Rafael Nadal said that he played Roland Garros 2022 with a different racket, during an interview for the ATP website. Rafa Nadal explained: “Over the years, I had to adapt to stay competitive. My tennis became more offensive and I made some changes to the racket.
I slightly changed the tension of the strings and put more lead in the head of the racket to get more power. Two days before the start of Roland Garros, I went back to my old racket. I want to thank Babolat, who made it for me in one afternoon.
With the new one I didn’t feel the right sensations on clay, but I will play again in the coming months.” Rafa continues to have fun playing tennis: “I’m not still competing for records or to be the best in history.
Roger, Novak and myself have made all our dreams come true. I don’t play to win other Grand Slams, but to relive these special moments” Nadal’s triumph at Roland Garros 2022 provoked reactions around the world. The Spanish phenomenon seemed to have enormous difficulties during the Masters 1000 in Rome, due to the pain in his foot that has plagued him since 2005.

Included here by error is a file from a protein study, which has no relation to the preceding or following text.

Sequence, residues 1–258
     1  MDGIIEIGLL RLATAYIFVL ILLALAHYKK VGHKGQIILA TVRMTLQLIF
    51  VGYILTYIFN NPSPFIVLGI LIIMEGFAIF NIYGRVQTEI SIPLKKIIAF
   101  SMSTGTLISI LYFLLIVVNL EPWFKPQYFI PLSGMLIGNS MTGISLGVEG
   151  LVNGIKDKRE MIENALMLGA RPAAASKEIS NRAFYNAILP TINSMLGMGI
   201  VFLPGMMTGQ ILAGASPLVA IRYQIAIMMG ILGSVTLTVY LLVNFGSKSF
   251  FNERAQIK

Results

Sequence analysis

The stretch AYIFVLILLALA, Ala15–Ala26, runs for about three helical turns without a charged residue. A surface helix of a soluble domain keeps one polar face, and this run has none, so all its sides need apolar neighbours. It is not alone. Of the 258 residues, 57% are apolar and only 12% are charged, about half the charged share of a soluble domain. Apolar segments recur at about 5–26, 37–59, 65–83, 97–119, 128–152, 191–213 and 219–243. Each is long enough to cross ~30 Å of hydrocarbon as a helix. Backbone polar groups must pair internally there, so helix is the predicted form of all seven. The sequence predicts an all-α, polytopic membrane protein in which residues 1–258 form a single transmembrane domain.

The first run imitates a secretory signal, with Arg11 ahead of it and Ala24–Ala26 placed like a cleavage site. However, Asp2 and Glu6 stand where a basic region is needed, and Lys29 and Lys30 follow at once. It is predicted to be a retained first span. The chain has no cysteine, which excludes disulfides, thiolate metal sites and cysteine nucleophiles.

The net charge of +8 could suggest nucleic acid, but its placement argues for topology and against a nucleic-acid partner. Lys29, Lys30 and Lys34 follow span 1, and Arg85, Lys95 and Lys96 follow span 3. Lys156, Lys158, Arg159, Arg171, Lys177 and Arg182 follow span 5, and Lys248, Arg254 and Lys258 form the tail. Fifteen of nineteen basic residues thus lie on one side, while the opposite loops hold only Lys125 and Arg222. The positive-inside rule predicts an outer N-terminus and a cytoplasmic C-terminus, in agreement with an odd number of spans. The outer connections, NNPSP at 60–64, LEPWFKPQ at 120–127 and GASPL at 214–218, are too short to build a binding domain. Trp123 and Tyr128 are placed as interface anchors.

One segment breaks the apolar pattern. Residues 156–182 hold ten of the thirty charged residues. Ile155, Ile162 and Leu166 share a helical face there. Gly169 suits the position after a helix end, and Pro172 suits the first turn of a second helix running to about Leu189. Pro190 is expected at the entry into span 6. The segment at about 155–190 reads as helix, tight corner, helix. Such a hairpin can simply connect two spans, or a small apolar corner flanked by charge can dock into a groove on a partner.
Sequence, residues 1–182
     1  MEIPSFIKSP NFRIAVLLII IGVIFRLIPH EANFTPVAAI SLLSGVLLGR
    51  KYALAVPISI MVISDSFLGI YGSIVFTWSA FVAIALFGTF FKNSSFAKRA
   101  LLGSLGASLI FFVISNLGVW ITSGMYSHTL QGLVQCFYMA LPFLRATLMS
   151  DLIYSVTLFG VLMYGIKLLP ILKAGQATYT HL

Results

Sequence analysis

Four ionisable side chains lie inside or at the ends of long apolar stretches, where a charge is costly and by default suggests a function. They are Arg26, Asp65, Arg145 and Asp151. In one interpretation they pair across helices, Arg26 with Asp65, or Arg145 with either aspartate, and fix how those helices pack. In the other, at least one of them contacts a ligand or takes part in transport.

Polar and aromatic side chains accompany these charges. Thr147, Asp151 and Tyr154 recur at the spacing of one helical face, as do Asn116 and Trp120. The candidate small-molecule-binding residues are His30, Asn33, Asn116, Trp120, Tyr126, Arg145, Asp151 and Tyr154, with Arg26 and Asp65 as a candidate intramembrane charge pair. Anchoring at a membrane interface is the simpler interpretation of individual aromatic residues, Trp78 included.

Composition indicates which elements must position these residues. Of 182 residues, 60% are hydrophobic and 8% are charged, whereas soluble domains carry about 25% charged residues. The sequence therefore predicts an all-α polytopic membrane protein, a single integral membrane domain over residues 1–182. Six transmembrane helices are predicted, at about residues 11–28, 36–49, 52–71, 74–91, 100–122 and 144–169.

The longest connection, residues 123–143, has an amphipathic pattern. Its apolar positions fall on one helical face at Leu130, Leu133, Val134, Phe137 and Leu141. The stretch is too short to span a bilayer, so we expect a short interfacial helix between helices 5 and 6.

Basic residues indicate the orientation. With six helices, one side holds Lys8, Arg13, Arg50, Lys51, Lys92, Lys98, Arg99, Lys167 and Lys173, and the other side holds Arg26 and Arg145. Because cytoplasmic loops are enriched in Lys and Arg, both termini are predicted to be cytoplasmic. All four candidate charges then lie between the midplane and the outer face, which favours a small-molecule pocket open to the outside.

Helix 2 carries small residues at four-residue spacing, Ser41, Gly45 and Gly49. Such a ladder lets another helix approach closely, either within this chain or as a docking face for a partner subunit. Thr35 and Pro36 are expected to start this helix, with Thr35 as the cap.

It was once feared that the Spaniard might miss out on the second big of the season, but Rafa has pulled off another legendary feat. After surviving two bona fide battles against Felix Auger-Aliassime and Novak Djokovic, the former World No.
1 benefited from Alexander Zverev’s injury in the semi-finals.
Stubbs reflects on Rafa Nadal
On the latest edition of her show, ‘The Rennae Stubbs Tennis Podcast,’ the 51-year-old said she that knew what was going to happen when Rafael Nadal got his doctor along to Paris.
“You know just to see Rafa again, find a way, with literally a dead foot – I knew when he said that he was bringing his doctor to the French Open, I knew exactly was going to be happening. I knew that he would be hitting that foot out with as much painkiller and anaesthetic that he could, to be able to operate on the tennis court and run,” Stubbs said, adding, “You know to see what he did by winning the tournament again is just outrageous.
To put his foot to sleep basically, to think he has an issue with the bone sort of basically depleting on him and cutting the nerve so he can actually run on a tennis court without pain is just outrageous,” Stubb said.
“You hear it in his voice, he knows that he cannot sustain that because when you put your foot to sleep you don’t have as much control over it and he’s probably worried about tearing or obviously going over on his ankle or he could fracture his foot and he has no idea because he has no pain in it because he’s deadened it so it’s just unbelievable,” she said.